Brown Appoints Two To Fill Vacancies on Yolo County

Tom Dyer

Governor Jerry Brown named Tom Dyer of Sacramento, a UC Davis Law School Graduate and Peter Williams of Sacramento to fill two of the three vacancies on the Yolo Super Court.  Both men are Democrats and both have a background as prosecutors Mr. Dyer with the Sutter County DA’s Office and Mr. Williams with the US Attorney’s Office.

They replace Kathleen White and Steven Basha, but one vacancy, for Janet Gaard remains.

(From Press Release) – Tom M. Dyer, 44, of Sacramento, has been appointed to a judgeship in the Yolo County Superior Court. Dyer has served as chief deputy legislative affairs secretary in the Office of Governor Edmund G. Brown Jr. since 2015. He served as legislative director at the California Department of Finance from 2012 to 2015 and at the California Department of Personnel Administration from 2010 to 2012. Dyer served as staff counsel at the California Department of Social Services in 2009, labor relations counsel at the California Department of Personnel Administration from 2006 to 2008 and enforcement counsel at the California Fair Political Practices Commission in 2006. He served as a deputy district attorney at the Sutter County District Attorney’s Office from 2003 to 2005. Dyer earned a Juris Doctor degree from the University of California, Davis School of Law and a Bachelor of Arts degree from the University of California, Davis. He fills the vacancy created by the retirement of Judge Kathleen M. White. Dyer plans to continue serving in his current position in the Governor’s Office until the end of the Administration. Dyer is a Democrat.

Peter Williams

(From Press Release) – Peter M. Williams, 50, of Sacramento, has been appointed to a judgeship in the Yolo County Superior Court. Williams has served as deputy secretary, general counsel at the California Business, Consumer Services and Housing Agency since 2016. Prior to that, he served in several positions at the California Department of Justice, Office of the Attorney General from 2001 to 2015, where he was supervisor of the Fraud and Special Prosecutions Unit and was a cross-designated special federal prosecutor with the U.S. Attorney’s Office in both the Eastern and Central Districts of California. He was an associate at Boutin Jones Inc. from 2000 to 2001, at Carle, Mackie, Power and Ross from 1998 to 2000 and at Bolling, Walter and Gawthrop from 1996 to 1998. Williams earned a Juris Doctor degree from the University of San Diego School of Law and a Bachelor of Arts degree from the University of California, Santa Barbara. He fills the vacancy created by the retirement of Judge Steven M. Basha. Williams is a Democrat.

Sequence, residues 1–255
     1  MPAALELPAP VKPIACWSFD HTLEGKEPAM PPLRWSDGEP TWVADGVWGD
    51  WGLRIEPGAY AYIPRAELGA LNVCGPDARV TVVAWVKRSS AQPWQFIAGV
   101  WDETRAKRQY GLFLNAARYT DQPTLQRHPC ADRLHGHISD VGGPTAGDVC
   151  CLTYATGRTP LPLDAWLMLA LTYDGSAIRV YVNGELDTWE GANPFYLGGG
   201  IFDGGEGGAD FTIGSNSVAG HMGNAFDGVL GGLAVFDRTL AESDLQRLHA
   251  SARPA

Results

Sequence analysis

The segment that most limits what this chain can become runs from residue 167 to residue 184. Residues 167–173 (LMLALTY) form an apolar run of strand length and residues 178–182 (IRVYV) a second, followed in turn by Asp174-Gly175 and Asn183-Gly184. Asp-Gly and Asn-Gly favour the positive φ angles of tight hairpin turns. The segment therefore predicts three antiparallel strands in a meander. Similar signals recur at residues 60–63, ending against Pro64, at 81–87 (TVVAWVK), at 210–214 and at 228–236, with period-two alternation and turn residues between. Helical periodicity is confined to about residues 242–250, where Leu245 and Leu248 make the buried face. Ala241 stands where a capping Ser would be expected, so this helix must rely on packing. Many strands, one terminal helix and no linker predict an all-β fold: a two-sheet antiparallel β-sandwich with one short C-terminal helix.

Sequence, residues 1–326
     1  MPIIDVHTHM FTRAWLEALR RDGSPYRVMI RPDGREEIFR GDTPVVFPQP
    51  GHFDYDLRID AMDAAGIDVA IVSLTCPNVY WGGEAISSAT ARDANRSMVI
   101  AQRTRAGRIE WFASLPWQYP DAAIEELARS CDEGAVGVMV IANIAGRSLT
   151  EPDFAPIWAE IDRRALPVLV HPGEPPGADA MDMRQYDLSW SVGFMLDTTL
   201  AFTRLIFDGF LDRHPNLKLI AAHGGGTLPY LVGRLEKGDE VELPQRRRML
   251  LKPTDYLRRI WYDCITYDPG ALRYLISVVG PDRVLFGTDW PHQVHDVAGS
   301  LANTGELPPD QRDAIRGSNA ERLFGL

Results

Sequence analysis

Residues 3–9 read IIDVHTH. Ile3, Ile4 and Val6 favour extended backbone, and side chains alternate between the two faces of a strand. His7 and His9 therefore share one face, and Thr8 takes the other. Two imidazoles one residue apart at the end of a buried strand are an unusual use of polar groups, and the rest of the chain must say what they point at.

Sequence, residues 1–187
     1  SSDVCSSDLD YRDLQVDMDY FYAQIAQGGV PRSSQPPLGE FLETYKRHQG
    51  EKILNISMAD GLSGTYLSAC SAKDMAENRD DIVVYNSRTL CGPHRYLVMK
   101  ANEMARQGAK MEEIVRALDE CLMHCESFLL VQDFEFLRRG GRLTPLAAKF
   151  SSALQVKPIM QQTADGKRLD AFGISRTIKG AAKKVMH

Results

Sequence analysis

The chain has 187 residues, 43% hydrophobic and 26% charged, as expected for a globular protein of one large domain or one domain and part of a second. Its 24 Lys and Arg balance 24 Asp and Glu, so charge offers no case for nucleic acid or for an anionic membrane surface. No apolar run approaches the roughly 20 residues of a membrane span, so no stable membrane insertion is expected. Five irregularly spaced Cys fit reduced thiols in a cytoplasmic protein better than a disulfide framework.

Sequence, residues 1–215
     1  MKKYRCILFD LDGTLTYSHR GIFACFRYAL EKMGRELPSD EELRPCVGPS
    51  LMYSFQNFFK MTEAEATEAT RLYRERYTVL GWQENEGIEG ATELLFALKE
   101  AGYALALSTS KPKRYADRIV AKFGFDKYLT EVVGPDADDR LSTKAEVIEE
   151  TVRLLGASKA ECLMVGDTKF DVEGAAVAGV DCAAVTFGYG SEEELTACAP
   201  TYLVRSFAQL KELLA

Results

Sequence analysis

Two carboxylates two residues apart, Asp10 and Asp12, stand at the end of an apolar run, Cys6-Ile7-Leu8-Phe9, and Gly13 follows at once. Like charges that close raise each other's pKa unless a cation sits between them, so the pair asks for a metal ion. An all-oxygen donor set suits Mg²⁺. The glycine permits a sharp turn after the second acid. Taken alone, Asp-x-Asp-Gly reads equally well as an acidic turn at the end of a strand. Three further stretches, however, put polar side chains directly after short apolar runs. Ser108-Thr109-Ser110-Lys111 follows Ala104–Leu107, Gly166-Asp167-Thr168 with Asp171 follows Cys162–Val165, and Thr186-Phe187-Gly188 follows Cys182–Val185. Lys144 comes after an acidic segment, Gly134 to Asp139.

The compensation for each of these positions is $207,424.

 


About The Author

David Greenwald is the founder, editor, and executive director of the Davis Vanguard. He founded the Vanguard in 2006. David Greenwald moved to Davis in 1996 to attend Graduate School at UC Davis in Political Science. He lives in South Davis with his wife Cecilia Escamilla Greenwald and three children.

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8 thoughts on “Brown Appoints Two To Fill Vacancies on Yolo County”

  1. Craig Ross

    Disappointing.  No people of color.  No women.  Two of the vacancies were held by women.  Both men former prosecutors.  I’ve been hopeful that Governor Brown would be able to shake up the courts – nope.

  2. Craig Ross

    Eric: you’re not troubled by their lack of ties to Yolo?  And weren’t you one of those complaining about the lack of fair housing, how about two women on the Yolo County Bench?  Isn’t that a problem for you?  How about a county where over half the defendants are people of color, and only one Judge is a woman of Color?

    1. Eric Gelber

      you’re not troubled by their lack of ties to Yolo?  … how about two women on the Yolo County Bench?  Isn’t that a problem for you?

      Did I say that the lack of diversity on the Yolo County bench was not an issue? I merely pointed out that (contrary to your implication) Gov. Brown has a pretty good overall record on his judicial appointments and diversity. Your insinuations about what is or is not a problem for me are unwarranted.

    1. Eric Gelber

      “Political hack” is a pejorative term describing a person who is part of the political party apparatus, but whose intentions are more aligned with victory than personal conviction. The term “hired gun” is often used in tandem to further describe the moral bankruptcy of the “hack”.

      Jim – Please provide the basis for your characterization of these specific  appointees as political hacks. Or is this merely another of your gratuitous slurs of anyone involved in state government?

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